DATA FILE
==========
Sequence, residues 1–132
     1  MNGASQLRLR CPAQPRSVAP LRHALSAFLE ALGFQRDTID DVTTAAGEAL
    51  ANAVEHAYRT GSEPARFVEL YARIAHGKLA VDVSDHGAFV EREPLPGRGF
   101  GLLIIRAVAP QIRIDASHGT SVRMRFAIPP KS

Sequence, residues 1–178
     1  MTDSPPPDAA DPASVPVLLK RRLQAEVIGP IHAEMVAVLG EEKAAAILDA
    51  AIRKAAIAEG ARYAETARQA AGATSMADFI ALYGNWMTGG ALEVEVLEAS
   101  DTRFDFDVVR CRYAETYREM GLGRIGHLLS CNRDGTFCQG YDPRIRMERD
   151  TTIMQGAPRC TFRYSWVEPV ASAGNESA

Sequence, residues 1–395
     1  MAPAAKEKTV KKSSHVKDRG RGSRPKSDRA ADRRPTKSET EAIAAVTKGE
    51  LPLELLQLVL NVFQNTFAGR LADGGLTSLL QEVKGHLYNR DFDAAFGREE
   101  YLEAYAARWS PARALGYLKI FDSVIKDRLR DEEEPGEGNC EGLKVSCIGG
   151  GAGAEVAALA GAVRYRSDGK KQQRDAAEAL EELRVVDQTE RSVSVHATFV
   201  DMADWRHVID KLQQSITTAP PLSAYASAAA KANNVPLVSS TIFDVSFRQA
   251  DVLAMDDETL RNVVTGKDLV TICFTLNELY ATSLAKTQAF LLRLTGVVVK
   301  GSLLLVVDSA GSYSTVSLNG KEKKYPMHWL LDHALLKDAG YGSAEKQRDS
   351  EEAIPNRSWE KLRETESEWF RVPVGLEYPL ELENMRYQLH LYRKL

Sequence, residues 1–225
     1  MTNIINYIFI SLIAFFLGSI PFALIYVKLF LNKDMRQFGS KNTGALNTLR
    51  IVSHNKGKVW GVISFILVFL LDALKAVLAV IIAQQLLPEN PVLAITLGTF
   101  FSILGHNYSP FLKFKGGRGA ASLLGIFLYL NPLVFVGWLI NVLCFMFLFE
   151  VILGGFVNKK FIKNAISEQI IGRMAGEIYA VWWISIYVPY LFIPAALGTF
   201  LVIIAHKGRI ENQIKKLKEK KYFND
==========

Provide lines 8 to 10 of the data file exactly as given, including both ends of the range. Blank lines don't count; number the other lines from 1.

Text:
   101  DTRFDFDVVR CRYAETYREM GLGRIGHLLS CNRDGTFCQG YDPRIRMERD
   151  TTIMQGAPRC TFRYSWVEPV ASAGNESA

Sequence, residues 1–395